Last week saw the launch of a report commissioned by the Domestic Abuse Commissioner’s Office and produced by Respect, Understanding CAPVA – a rapid literature review of child and adolescent to parent violence and abuse (CAPVA). I was privileged to co-author the report with Dr Vicky Baker, who recently completed her PhD at UCLan, exploring young people’s accounts of using violence and abuse towards parents.
One of the purposes of the review was very explicitly to identify gaps in knowledge and provision, with a view to exploring how these needs should and could be met. The report is in two parts, looking first at our understanding of the issue – what we know, what CAPVA looks like, who it effects and some of the theories about how it comes about; and then in part 2, how it is addressed. Finally there are a significant number of recommendations made, both in terms of further research and, importantly, in the way it is gripped by government in departmental oversight, funding and provision.
The recommendations section is not insignificant! In some ways it’s frustrating to think we are still here in making some of the requests after so many years of pressure and campaigning. For instance, the call for a nationally agreed terminology and the proper collection of data seem to have been around for ever. Recommendations about the type of response needed though are becoming more refined as we learn more and have opportunities to work with colleagues to examine how we can work together and what this should look like and include.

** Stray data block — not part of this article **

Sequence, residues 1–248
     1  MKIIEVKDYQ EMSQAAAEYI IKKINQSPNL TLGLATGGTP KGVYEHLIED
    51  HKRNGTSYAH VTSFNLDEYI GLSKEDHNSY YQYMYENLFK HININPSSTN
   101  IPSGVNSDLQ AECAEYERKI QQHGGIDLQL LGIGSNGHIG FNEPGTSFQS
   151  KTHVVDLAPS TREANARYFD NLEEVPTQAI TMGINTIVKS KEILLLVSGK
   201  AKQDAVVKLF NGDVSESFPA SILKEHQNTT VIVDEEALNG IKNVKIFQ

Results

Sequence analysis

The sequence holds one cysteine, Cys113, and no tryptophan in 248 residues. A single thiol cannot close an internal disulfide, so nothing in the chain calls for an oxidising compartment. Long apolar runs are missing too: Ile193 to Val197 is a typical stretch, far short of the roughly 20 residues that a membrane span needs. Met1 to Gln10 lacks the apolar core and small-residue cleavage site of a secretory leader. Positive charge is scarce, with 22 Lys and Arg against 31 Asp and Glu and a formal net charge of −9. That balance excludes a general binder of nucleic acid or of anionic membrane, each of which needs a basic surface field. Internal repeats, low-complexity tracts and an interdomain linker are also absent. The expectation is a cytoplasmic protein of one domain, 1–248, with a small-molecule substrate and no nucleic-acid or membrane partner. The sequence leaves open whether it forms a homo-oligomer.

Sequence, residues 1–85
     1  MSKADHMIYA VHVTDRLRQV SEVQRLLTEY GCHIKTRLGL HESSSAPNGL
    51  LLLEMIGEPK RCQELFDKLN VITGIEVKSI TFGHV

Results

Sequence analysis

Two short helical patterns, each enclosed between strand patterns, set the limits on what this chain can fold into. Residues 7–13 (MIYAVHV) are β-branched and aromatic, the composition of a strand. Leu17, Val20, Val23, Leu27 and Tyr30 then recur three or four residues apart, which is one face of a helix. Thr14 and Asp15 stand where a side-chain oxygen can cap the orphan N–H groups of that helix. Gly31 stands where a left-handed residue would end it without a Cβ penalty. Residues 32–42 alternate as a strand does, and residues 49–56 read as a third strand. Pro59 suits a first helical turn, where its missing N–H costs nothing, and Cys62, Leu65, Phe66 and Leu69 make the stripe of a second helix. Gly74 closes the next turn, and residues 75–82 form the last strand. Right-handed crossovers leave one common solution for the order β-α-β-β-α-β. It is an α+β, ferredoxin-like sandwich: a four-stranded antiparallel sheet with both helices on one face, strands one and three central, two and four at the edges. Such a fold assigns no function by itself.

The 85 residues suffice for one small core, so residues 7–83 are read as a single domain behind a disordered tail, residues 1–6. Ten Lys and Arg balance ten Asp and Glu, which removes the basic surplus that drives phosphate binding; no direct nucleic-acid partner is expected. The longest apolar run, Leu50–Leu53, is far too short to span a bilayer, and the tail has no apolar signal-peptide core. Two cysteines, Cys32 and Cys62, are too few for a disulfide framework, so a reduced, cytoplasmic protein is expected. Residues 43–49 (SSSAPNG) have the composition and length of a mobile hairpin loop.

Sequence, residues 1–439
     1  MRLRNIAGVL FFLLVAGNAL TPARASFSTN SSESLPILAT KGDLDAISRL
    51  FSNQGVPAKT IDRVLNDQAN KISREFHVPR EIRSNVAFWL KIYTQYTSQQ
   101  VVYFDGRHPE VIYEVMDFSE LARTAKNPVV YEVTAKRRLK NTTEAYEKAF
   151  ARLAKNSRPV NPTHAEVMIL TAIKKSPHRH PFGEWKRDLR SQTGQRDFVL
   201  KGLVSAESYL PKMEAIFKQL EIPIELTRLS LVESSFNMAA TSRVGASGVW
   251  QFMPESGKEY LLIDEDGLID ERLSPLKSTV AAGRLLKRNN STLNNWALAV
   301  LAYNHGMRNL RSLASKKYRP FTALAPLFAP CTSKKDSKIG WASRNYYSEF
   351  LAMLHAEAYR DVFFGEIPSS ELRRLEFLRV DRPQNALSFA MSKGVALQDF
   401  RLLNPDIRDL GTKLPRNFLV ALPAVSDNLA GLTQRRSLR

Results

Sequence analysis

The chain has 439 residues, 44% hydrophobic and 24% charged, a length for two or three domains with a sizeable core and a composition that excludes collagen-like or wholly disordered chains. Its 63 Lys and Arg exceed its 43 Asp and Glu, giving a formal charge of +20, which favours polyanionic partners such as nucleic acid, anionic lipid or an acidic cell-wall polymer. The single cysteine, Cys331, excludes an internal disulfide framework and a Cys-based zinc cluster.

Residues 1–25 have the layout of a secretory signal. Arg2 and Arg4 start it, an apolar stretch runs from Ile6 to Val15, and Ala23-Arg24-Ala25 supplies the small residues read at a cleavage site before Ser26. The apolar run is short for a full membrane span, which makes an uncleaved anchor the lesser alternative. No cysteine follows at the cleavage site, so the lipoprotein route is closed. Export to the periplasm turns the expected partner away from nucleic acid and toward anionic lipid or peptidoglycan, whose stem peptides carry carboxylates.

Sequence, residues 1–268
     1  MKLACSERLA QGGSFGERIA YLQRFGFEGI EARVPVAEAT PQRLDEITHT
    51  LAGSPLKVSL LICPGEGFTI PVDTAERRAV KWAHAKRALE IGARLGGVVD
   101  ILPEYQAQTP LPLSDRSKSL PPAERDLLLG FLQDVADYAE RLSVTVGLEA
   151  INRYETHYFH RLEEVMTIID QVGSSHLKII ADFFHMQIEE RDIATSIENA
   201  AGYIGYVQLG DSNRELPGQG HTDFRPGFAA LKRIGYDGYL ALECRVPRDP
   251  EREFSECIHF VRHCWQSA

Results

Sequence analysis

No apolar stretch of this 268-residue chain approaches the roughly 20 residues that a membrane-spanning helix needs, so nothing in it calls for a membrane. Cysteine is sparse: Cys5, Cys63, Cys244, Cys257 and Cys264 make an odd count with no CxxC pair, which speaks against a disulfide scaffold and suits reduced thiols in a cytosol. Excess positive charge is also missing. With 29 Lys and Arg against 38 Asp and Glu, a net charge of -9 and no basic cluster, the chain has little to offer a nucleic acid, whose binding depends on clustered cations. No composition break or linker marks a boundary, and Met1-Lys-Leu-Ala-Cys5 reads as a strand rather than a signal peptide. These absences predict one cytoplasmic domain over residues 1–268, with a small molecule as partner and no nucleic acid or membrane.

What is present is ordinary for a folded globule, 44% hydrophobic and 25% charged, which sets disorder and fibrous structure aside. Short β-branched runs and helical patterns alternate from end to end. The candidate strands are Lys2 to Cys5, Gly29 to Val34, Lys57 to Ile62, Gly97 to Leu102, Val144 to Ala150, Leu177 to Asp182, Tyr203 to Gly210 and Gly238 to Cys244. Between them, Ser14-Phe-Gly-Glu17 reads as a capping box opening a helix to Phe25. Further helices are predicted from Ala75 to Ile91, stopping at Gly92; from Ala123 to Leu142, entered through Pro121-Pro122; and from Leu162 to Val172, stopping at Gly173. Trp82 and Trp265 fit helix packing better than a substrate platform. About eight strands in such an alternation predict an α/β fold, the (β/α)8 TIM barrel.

One recommendation covers the importance of updating the Home Office Guidance which was originally written and published in 2015. Thankfully this is now well underway and we look forward to seeing the final document (in the next year?)
Obviously I commend the report to you! It is hopefully easy to read, despite covering so much ground in significant detail. It should be of interest particularly to commissioners and policy makers, as well as those within central government whose remit covers any aspect of family life; but the overview of the literature on this topic makes it an important summary for all involved in supporting families, whether in management or on the frontline.
The full report is here.
The Executive Summary is here.
You can read Vicky Baker’s PhD thesis here.